Call for Papers: Fashion, Dress and Society in Europe during World War I
--A French-British-German initiative under the direction of Dominique Veillon and Lou Taylor--
To be held at the Institut Français de la Mode in Paris on December 12-13, 2014
during the official French Centennial Commemorations
Fashion played an integral role in re-shaping European society during World War I. In France, for example, the fashion industry adapted to the war by turning to new materials, simplifying silhouettes, courting foreign clients, and drumming up local and foreign business through nationalist rhetoric that was trumpeted by the press. Yet the French fashion industry was not immune to the war: male couturiers such as Worth, Poiret and Patou left their houses to join the front, or were obliged to undertake some kind of military service, leaving women designers such as Callot Soeurs, Chéruit, Lanvin and Paquin to reign; female couture workers went on strike during the darkest year of the war to demand better wages from an increasingly profitable industry that had nevertheless maintained their workers at reduced ‘war wages,’ and the fashion press played its part in creating and informing societal debates regarding gender, femininity, and patriotism, as did caricatures, postcards, and other wartime imagery. Many women worked in war time factories and charity organizations necessitating the design and manufacture of new uniforms and working dress. Our exploration of narratives on a European scale uses the history of the fashion industries as a focal point and lens for a political, economical, social, and cultural analysis of clothing, people, consumption and politics between 1914 and 1918.
Each nation has a different story of the degree to which the industry played a role in the war economy, and the extent to which cultural representations of fashion and dress contributed to shaping national identity. A century after the start of the Great War, it is our desire to foster a comprehensive pan-European discussion on the cultural history of fashion and the fashion industry during World War One. Our conference intends to assemble an international community of scholars and curators who have an interest in exploring gender, dress, fashion producers, consumers, workers, and the press between 1914 and 1918. We aim to provide a systematic inquiry into the cultural history of fashion in Europe during the Great War.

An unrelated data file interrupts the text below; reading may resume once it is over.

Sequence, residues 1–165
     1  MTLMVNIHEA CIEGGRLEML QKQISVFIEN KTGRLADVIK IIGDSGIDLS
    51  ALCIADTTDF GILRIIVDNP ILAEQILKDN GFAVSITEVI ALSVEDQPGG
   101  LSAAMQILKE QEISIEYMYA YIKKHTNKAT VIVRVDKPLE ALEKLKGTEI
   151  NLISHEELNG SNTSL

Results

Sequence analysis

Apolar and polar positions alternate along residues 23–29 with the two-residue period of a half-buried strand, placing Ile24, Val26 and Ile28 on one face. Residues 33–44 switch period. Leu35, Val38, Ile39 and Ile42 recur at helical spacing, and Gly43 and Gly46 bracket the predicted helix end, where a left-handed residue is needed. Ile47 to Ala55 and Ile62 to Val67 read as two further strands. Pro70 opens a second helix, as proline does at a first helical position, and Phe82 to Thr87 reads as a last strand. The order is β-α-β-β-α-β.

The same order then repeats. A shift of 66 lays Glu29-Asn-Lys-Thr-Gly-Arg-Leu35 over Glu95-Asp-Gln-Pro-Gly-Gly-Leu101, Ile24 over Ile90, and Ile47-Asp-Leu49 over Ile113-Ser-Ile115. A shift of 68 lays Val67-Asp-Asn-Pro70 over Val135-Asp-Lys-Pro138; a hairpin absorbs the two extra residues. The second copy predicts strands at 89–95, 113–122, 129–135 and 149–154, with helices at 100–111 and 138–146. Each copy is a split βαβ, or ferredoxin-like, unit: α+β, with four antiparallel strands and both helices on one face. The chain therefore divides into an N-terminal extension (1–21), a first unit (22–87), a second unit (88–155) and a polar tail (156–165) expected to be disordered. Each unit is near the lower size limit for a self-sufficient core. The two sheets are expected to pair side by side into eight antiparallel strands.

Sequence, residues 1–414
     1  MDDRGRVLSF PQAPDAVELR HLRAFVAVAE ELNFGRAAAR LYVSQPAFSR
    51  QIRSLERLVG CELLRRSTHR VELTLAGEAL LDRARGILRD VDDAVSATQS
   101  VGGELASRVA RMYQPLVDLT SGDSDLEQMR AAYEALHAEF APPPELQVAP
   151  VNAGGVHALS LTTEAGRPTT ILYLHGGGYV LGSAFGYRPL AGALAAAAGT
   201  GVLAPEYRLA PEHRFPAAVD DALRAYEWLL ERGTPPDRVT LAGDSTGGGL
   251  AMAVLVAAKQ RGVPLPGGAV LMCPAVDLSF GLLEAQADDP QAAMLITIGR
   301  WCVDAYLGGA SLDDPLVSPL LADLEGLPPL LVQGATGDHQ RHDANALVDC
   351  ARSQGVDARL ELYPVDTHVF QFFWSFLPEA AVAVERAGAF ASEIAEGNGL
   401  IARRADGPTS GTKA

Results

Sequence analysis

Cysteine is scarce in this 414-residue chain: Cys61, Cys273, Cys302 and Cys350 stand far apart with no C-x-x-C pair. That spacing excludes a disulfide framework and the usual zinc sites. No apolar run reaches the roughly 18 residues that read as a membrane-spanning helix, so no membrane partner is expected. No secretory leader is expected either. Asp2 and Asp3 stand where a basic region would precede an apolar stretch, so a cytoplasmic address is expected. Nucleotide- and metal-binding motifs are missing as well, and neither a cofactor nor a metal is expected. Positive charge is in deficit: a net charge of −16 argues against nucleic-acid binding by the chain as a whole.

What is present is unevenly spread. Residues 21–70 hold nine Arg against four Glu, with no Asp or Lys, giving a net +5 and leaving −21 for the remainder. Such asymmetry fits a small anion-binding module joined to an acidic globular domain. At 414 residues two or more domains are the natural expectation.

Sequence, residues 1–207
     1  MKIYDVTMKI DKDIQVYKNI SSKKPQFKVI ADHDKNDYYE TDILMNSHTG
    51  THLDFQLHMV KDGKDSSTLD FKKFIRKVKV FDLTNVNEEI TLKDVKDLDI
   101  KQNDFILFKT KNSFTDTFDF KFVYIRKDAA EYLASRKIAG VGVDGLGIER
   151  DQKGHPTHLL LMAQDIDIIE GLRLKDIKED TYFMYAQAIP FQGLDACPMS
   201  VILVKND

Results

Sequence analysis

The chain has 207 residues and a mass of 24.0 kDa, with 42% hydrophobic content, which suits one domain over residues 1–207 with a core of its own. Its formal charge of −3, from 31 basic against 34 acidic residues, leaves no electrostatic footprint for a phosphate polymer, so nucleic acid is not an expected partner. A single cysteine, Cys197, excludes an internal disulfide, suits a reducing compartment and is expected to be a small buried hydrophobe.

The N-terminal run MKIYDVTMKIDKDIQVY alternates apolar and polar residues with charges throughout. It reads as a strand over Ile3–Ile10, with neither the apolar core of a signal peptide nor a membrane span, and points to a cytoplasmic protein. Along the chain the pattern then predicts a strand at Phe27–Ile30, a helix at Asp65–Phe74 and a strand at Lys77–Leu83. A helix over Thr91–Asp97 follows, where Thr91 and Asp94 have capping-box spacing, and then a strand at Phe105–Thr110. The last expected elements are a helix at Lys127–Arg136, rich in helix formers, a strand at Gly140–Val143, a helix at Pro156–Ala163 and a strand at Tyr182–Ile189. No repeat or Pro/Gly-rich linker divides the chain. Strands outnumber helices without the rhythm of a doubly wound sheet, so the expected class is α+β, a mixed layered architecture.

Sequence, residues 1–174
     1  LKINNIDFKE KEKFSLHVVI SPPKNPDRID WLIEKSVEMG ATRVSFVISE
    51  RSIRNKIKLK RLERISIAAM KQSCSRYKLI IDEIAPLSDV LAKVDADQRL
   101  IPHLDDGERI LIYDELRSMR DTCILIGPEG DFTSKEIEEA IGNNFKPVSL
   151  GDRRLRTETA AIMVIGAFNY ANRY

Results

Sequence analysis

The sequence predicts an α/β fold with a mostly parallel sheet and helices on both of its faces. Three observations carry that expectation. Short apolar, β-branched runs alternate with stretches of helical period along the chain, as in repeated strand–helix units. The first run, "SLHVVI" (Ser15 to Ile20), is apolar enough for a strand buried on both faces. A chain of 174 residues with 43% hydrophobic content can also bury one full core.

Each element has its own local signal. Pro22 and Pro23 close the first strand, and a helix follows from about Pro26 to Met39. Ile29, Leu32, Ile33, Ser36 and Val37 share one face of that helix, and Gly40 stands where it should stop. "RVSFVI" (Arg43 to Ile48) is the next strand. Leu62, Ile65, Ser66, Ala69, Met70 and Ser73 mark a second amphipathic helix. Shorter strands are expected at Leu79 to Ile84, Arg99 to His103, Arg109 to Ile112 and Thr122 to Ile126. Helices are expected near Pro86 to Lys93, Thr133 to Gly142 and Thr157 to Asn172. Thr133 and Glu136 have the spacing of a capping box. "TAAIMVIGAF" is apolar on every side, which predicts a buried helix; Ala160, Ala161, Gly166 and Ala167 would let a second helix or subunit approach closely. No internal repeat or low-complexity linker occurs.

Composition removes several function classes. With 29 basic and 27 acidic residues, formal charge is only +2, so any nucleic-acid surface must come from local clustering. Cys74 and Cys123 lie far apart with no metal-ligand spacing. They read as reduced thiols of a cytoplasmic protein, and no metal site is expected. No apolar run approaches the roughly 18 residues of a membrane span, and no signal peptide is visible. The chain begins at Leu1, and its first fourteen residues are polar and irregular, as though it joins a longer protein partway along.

We invite papers that adopt a critical approach to the relationship between fashion and society in Europe during WWI. We are particularly interested in papers that use surviving garments and unexplored archives as sources. Additionally, proposals from young scholars in all areas of the social sciences or humanities are welcome. Panel suggestions will also be considered.
The conference language will be in both French and English (with simultaneous translation depending on the funding obtained). We hope to be able to provide a certain amount of funding for those in need. We anticipate compiling the papers given at the conference into a book to be published by a French press.
The following perspectives are encouraged:
- Fashion industry history
- Material culture of dress
- Fashion and gender
- Fashion press and identity
- Wartime fashion consumption & production
- Garment workers and social history
- Representations (illustrations or cinematic) and identity
- Biographical approaches to WWI dress history
- Fashion intermediaries during WWI
Submitting a Paper Proposal
Deadline: February 15th, 2014
Please send a 500 word abstract that indicates the subject of your talk, the questions you will be answering, and the sources you will be using. Include a brief curriculum vitae.
Paper proposals to be sent to email@example.com. The deadline is February 15, 2014.
The committee will send out their responses by March 15, 2014.
Patrick Fridenson, PhD (Director of Studies at EHESS, France)
Adelheid Rasche, PhD (Chief Curator Sammlung Modebild Lipperheidesche Kostümbibliothek,
Kunstbibliothek, Staatliche Museen zu Berlin, Germany)
Lou Taylor, PhD (Professor of Dress History, University of Brighton, UK)
Dominique Veillon, PhD (Director of Research at IHTP-CNRS, France)
Maude Bass-Krueger, ABD (Bard Graduate Center, NYC)
Sophie Kurkdjian, PhD (IHTP/CNRS)
Thierry Maillet, PhD (IHTP/CNRS)
Eleonore Testa (IHTP/CNRS)
Séminaire Histoire de la Mode, IHTP-CNRS
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